Although kingfishers are quite small, not much bigger than a robin, they are very striking because they have the most colourful plumage of any Irish wild bird. They are so iridescent that, on a sunny day, they appear to emit blue light. They are very fussy about where they live. They need clear, shallow water with a good supply of small fish and large invertebrates to feed on, over-hanging branches to supply perches to dive off to catch this prey and vertical banks of soft soil in which they can excavate the burrows they nest in. They are, however, quite tolerant of humans and there are territories in Dublin on the Dodder, the Liffey and the Tolka.
They are primarily river birds, though they sometimes live along suitable lake shores and in freezing weather will visit estuaries and other coastal areas - there is a resident pair in the salt-marsh at Booterstown in Dublin. Canals - the Royal, the Grand, parts of the Shannon-Erne Waterway and lateral canals on the Barrow Navigation - often provide ideal kingfisher habitat.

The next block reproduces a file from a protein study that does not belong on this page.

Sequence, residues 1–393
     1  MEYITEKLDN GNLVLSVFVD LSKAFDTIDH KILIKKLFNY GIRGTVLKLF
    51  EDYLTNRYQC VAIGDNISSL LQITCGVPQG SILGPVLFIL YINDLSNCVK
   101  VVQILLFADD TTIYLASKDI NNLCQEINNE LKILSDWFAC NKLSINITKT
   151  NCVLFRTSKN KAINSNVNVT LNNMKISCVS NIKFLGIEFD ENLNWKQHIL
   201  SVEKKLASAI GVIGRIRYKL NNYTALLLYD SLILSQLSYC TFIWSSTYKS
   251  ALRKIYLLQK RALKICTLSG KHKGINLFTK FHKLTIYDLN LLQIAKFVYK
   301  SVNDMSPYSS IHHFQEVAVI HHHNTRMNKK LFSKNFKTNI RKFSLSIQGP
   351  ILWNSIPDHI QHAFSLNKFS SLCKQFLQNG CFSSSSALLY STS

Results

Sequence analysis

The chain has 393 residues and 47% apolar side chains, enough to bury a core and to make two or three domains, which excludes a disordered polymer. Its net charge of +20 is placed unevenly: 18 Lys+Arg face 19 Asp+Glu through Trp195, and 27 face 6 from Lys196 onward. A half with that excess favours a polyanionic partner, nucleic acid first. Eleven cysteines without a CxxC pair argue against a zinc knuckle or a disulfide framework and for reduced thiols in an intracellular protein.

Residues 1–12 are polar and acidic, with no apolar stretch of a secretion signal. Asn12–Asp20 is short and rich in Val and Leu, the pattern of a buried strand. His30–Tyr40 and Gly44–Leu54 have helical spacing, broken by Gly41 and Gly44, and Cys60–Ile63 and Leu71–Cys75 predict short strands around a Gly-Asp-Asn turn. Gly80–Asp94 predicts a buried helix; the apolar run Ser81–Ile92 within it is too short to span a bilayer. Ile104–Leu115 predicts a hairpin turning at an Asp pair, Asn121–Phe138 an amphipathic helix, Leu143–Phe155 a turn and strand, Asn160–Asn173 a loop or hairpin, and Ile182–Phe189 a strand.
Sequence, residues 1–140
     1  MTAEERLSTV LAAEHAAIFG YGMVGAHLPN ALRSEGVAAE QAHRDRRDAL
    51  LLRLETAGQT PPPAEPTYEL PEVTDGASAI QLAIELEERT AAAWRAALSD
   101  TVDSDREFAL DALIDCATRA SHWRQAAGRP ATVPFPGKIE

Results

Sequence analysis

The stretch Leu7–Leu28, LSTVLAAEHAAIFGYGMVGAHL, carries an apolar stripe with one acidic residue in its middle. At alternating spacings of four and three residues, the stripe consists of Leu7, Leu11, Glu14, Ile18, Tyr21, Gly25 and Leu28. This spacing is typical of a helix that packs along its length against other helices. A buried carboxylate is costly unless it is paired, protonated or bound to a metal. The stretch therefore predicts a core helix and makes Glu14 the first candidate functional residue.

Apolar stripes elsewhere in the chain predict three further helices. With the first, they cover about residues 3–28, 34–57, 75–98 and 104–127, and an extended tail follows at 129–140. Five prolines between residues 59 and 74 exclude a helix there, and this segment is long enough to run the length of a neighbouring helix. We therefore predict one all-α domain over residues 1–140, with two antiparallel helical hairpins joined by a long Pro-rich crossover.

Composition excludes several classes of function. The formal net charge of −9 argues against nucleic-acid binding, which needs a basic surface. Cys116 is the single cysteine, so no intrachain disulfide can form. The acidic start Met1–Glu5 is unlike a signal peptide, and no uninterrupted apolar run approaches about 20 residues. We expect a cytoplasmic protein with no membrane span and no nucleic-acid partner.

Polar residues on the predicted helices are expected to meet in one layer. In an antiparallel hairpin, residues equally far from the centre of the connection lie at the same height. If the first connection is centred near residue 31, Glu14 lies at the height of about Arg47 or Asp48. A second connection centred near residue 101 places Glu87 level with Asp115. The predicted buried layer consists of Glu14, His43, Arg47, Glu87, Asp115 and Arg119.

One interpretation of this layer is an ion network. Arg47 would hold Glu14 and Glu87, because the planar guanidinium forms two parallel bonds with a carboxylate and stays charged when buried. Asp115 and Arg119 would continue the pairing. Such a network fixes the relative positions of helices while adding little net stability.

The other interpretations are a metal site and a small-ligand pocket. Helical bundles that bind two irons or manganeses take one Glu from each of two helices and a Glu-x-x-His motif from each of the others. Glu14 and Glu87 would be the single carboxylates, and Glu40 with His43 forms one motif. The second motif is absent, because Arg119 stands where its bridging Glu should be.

They defend quite large territories, so you'll never see great numbers of them in any given area, but the data available suggests that they're doing quite well in Ireland. However, there's no scientific data available since the very long spell of hard weather during the winter of 2010/2011 and many kingfishers starve to death in weather like this. On a European level there is concern about their status which is why they're listed as an Annexe One species. This obliges EU member states to take measures to protect them. The species has a huge range, extending into North Africa (with an isolated population in South Africa's Western Cape Province) and all the way across Asia to Japan and the Philippines. Globally their status is listed as Least Concern.
Kingfishers in Episode Three
Dick speaks to Laura Nutall from 'Birdwatch Ireland' about these beautiful birds, and they spot some kingfishers along the canal.